It’s good to be president—especially if you’re president of Columbus College of Art & Design, you’re also an artist, and you have the impulse to create a site-specific installation on the campus quad.
CCAD President Dennison W. Griffith recently completed a snow fence sculpture on the quad, which will be in place until spring.
The installation was built over two days and is the seventh such piece Griffith has undertaken in the last several decades. Construction of the sculptures is fairly improvisational, and largely driven by observation and responses to the sites where they are installed.
“In the case of the CCAD piece, I have been gazing at the quad from my office here on the second floor of the Canzani Center,” said Griffith. “There is a gently curving seat wall that bisects the quad, which is surrounded by a bed of crushed, brick-red, gravel-like material. The general arc of the CCAD piece and the way it is perforated near its midpoint, with a break that one can walk through, are meant to generally mirror the seat wall.”
Griffith and a crew of students laced together the snow fencing to form undulating waves that work with the natural rise and fall of the surrounding grounds.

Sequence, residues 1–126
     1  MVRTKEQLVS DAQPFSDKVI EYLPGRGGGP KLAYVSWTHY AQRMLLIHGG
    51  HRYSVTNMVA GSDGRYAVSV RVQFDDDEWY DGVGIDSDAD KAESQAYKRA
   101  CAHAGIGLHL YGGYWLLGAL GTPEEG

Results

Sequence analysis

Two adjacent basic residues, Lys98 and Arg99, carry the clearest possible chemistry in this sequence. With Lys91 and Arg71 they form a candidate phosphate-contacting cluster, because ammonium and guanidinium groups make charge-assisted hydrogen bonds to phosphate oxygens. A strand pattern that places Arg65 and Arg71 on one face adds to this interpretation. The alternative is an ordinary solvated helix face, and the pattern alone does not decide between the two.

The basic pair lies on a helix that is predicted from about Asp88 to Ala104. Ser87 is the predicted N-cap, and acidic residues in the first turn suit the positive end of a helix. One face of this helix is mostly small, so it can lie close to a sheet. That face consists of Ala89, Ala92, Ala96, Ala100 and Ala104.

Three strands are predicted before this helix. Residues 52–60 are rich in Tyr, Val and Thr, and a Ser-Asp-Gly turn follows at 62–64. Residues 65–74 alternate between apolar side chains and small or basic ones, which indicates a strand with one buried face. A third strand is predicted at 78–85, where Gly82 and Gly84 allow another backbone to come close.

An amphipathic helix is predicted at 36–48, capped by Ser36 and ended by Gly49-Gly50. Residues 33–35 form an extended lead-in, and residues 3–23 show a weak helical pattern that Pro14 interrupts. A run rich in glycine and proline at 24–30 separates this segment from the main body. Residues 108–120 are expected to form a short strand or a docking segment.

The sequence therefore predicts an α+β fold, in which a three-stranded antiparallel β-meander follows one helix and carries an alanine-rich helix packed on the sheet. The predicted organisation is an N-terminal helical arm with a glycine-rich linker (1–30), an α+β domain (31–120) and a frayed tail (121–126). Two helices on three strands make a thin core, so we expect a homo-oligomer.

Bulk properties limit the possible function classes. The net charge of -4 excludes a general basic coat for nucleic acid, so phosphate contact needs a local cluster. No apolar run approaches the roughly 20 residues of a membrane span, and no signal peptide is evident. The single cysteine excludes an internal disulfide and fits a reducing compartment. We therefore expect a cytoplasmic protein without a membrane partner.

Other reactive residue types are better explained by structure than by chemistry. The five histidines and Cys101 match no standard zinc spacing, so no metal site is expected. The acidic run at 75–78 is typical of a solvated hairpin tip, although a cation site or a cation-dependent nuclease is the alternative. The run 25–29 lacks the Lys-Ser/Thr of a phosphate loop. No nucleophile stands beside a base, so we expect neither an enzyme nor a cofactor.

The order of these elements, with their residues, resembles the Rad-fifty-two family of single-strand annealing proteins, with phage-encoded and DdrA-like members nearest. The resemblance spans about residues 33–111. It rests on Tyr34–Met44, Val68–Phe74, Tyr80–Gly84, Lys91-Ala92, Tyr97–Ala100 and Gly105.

“The piece uses the elevation to good effect, and this elevation is amplified by the ever-higher stacking of shorter fence pieces,” said Griffith. “At that focal point the fence functions less organically than the surrounding sections, and it begins to compare itself more to the adjacent architecture. Thus, this piece lives a bit in both the natural and architectural worlds.”
With the plan to leave the piece up through the winter, Griffith hopes students and visitors will come and stroll through it.
“This was fun to do, and it was really satisfying to have a number of students pitch in to help,” said Griffith. “I’m eager to see it covered in snow and melding seamlessly with the snow on the ground around it. However, it’s also satisfying to see how, both at ground level and seen from the upper floors of surrounding buildings, the red of the snow fence echoes the red of the decorative gravel bed nearby.”
Griffith’s first snow fence piece was an indoor installation in the Short North, Columbus’s arts district. He has done outdoor pieces in Amesville, OH (just outside of Athens); in Cleveland at Edgewater Park; in Mentor, OH, at the Holden Arboretum; at ArtPark in Lewiston, NY, and at SUNY Buffalo (when it was Buffalo State College.)
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